Since the development of quantitative PCR (Q-PCR) in the early nineties [1], it has become an increasingly important method for gene expression quantification. Its aim is to amplify a specific DNA sequence under monitoring and measuring conditions that allow stepwise quantification of product accumulation. Product quantification has fostered the development of analysis techniques and tools. These data mining strategies focus on the cycle in which fluorescence reaches a defined threshold (value called *quantification cycle* or *Cq*) [2, 3]; with the *Cq* parameter, quantification could be addressed following two approaches: (i) the standard curve method [4] and (ii) the ΔΔ*Cq* method [5].

It is worth noting that these classical quantification methods assume that amplification efficiency is constant or even equal to 100%. An efficiency value of 100% implies that during the exponential phase of the Q-PCR reaction, two copies are generated from every available template. But it has been shown that these assumptions are not supported by experimental evidences [6]. With the aim of estimating PCR efficiency, and thus to include it in further analysis procedures, two strategies have been developed: (i) kinetics-based calculation and (ii) standard curve assessment.

Taking into account the reaction kinetics, which is basically equivalent to the bacterial growth formulae [7], amplification efficiency could be visualized in a half-logarithmic plot in which log transformed fluorescence values are plotted against the time (cycle number). In these type of graphic representations, the phase of exponential amplification is linear and the slope of this line is the reaction efficiency [8]. Empirical determinations of amplification efficiencies show that ranges lay between 1.65 and 1.90 (65% and 90%) [9]. Standard curve-based calculation method relies on repeating the PCR reaction with known amounts of template. *Cq* values *versus* template (i.e. reverse transcribed total RNA) concentration input are plotted to calculate the slope. Laboratories where few genes are analyzed for diagnostic may develop standard curves but they are in most cases out of scope for research projects where tens-hundreds of genes will be tested for changes in gene expression.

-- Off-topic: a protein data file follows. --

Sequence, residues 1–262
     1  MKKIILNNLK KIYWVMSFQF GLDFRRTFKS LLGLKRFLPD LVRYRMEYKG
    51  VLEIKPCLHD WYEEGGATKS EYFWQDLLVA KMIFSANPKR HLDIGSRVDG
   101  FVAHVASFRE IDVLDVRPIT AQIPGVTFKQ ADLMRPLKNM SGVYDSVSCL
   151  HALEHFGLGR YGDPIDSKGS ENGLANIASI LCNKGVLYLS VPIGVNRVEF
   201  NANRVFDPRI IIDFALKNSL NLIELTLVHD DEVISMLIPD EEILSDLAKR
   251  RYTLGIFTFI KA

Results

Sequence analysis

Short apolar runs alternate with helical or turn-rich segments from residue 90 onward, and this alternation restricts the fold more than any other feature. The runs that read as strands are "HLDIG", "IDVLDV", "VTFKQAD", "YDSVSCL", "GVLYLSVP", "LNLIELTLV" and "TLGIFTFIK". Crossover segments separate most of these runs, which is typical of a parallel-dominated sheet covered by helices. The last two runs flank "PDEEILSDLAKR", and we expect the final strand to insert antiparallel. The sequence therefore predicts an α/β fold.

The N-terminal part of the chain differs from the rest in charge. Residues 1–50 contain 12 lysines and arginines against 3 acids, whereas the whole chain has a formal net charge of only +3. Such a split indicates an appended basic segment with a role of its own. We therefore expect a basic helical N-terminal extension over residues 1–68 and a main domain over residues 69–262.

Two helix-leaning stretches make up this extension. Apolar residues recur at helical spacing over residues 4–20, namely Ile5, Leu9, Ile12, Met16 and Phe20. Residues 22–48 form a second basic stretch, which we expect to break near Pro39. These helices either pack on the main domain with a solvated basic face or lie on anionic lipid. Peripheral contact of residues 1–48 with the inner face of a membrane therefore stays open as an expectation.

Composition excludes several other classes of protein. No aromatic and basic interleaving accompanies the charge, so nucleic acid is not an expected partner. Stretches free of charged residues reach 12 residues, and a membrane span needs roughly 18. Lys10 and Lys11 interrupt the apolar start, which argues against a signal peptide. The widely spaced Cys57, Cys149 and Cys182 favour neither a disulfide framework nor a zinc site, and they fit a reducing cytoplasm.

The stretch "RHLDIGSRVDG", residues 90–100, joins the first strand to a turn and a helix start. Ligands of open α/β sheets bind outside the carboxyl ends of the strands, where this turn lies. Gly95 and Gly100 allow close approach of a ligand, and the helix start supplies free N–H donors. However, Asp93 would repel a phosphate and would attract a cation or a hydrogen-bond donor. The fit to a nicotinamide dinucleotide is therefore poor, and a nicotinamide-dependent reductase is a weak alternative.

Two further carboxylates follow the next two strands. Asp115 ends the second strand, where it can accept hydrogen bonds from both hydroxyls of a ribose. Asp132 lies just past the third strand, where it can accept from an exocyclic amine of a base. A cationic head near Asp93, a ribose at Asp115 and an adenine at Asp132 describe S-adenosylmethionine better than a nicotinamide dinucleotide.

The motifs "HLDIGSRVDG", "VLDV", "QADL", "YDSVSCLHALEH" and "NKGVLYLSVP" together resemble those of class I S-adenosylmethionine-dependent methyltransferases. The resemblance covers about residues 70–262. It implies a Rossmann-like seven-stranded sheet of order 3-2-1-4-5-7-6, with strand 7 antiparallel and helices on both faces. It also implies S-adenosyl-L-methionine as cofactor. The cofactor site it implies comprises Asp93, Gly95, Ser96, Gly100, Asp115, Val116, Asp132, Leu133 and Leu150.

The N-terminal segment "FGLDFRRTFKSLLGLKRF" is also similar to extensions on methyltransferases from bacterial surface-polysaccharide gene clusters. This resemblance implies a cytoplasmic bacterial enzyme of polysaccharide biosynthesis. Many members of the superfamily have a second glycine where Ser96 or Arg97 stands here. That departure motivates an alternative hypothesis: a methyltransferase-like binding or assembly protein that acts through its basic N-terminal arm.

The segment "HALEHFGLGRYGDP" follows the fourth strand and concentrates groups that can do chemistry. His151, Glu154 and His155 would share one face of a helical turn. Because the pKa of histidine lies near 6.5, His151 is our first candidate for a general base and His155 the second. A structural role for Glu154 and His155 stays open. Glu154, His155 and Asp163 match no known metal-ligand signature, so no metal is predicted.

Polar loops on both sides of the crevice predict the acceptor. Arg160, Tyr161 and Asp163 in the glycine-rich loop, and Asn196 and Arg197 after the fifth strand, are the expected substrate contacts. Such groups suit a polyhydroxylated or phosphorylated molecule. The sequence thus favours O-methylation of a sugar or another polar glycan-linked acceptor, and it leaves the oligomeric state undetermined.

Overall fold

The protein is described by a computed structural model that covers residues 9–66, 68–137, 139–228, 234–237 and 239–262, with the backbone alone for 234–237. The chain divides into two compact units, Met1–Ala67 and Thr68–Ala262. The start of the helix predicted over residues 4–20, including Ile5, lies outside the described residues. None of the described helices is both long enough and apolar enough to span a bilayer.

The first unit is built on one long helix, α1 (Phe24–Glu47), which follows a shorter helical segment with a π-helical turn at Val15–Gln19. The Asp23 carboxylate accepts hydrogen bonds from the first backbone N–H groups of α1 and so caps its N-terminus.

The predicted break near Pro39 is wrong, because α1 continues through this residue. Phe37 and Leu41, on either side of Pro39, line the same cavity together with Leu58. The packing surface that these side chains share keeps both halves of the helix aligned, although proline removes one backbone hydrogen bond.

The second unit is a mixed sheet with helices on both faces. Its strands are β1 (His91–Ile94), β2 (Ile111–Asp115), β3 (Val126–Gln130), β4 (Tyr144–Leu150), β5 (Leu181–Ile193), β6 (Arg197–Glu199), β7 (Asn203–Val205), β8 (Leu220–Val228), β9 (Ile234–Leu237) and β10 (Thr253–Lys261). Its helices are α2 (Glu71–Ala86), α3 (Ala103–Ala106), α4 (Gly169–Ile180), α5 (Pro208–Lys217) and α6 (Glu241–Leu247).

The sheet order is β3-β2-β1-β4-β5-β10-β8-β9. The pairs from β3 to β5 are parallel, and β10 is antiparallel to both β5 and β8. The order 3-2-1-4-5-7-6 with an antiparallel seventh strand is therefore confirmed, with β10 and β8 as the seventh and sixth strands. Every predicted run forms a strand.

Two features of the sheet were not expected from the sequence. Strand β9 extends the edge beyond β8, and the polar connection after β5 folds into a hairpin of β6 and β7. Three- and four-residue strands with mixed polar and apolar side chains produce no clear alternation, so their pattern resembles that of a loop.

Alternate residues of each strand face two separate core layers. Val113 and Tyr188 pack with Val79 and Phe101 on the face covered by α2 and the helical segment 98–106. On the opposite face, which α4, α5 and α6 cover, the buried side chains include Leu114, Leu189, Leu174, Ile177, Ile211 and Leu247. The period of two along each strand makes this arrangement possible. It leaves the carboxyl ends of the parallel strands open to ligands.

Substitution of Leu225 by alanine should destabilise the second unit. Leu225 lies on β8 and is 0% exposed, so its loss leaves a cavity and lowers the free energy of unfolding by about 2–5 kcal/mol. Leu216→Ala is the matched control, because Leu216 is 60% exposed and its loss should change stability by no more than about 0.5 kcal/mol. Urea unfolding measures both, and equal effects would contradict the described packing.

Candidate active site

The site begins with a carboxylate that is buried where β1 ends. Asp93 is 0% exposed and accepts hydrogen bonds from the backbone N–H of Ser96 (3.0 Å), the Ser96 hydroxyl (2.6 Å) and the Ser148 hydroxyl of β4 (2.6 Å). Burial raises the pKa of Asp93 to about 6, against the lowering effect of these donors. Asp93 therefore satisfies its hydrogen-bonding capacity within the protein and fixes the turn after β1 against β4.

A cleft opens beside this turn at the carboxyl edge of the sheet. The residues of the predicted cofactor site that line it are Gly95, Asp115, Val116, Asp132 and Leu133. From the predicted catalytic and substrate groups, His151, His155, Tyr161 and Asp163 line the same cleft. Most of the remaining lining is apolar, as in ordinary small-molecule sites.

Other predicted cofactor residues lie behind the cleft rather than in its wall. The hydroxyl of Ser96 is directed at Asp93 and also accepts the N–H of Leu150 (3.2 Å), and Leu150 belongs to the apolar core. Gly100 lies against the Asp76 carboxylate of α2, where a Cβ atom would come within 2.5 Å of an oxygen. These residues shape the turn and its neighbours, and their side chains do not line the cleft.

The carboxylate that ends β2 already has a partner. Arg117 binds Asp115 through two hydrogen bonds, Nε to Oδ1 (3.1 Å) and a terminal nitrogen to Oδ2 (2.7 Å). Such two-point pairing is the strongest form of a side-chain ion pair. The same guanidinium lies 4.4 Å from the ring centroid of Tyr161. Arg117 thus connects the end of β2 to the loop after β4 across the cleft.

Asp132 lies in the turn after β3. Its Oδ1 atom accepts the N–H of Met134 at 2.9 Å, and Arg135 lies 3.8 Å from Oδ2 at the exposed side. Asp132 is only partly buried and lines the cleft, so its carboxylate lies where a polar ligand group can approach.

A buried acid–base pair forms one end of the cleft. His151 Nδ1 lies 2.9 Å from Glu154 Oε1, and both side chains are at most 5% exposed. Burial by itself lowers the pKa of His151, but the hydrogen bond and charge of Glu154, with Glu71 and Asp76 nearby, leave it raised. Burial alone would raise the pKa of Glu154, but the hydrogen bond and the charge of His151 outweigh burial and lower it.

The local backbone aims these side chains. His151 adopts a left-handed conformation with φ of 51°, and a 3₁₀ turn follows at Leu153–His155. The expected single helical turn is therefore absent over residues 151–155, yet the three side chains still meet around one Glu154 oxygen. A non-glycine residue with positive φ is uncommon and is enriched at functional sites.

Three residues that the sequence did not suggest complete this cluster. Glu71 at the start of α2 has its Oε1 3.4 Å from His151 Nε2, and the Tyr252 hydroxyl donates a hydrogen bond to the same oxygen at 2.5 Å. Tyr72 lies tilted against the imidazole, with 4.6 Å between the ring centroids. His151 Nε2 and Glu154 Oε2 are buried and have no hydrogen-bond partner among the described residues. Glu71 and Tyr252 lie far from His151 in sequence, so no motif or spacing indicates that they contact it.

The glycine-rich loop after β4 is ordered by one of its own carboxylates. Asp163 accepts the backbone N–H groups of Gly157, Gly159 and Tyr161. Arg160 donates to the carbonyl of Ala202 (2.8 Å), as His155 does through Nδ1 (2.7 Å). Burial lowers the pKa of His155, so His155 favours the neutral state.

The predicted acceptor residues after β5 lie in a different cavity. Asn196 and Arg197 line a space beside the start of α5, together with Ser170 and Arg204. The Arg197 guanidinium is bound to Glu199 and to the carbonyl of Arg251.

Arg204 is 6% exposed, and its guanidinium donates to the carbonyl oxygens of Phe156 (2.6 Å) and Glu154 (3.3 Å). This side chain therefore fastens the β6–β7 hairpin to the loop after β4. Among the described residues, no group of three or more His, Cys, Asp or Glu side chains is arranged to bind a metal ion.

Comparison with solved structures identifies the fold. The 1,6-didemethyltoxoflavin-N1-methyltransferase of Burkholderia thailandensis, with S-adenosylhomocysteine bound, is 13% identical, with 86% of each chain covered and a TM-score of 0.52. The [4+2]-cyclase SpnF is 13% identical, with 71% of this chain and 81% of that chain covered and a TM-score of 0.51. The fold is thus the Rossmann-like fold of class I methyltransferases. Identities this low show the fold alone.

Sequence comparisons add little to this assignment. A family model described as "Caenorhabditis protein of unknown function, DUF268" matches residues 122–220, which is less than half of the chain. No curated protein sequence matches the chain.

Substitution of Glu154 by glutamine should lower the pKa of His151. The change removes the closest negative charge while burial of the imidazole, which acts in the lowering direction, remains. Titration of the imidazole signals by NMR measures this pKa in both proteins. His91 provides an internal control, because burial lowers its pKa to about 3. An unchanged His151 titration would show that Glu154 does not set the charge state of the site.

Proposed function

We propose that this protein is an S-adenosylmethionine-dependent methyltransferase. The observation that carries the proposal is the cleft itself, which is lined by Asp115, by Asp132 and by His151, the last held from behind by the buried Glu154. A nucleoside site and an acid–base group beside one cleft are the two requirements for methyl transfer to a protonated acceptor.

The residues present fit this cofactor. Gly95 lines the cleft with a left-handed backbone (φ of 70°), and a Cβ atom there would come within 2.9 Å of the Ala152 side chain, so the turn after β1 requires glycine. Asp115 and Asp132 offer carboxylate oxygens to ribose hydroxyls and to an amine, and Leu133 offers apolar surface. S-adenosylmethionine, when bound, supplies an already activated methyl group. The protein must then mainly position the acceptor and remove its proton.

Several aspects influence PCR yield and specificity: reagents concentration, primer and amplicon length, template and primer secondary structure, or G+C content [10]. The goals of a PCR assay design are: (i) obtaining the desired product without mispriming and (ii) rising yield towards optimum. In most cases, the sequence to amplify is a fixed entity, so setting up an efficient reaction involves changes in reagents concentrations (salts, primers, enzyme) and specifically an optimal primer design. Thus a plethora of primer designing tools have been published, regarding as little as G+C content for *T*
_{
m
} calculation [11, 12], evaluating salt composition [13] or even employing Nearest Neighbor modules, which consider primer and salt concentrations [14].

Efficiency values are essential elements in the ΔΔ*Cq* method and its variants: relative quantities are calculated using the efficiency value as the base in an exponential equation in which the exponent depends on the *Cq*. Thus efficiency strongly influences the relative quantities calculation, which are required to estimate gene expression ratios [5].

In this work, we analysed Q-PCR efficiency values from roughly 4,000 single PCR runs with the aim of elucidating the major variables involved in PCR efficiency. With this data we developed a generalized additive model (GAM), which relies on nonlinear regression analysis, and implemented it in a open, free online web tool allowing efficiency prediction.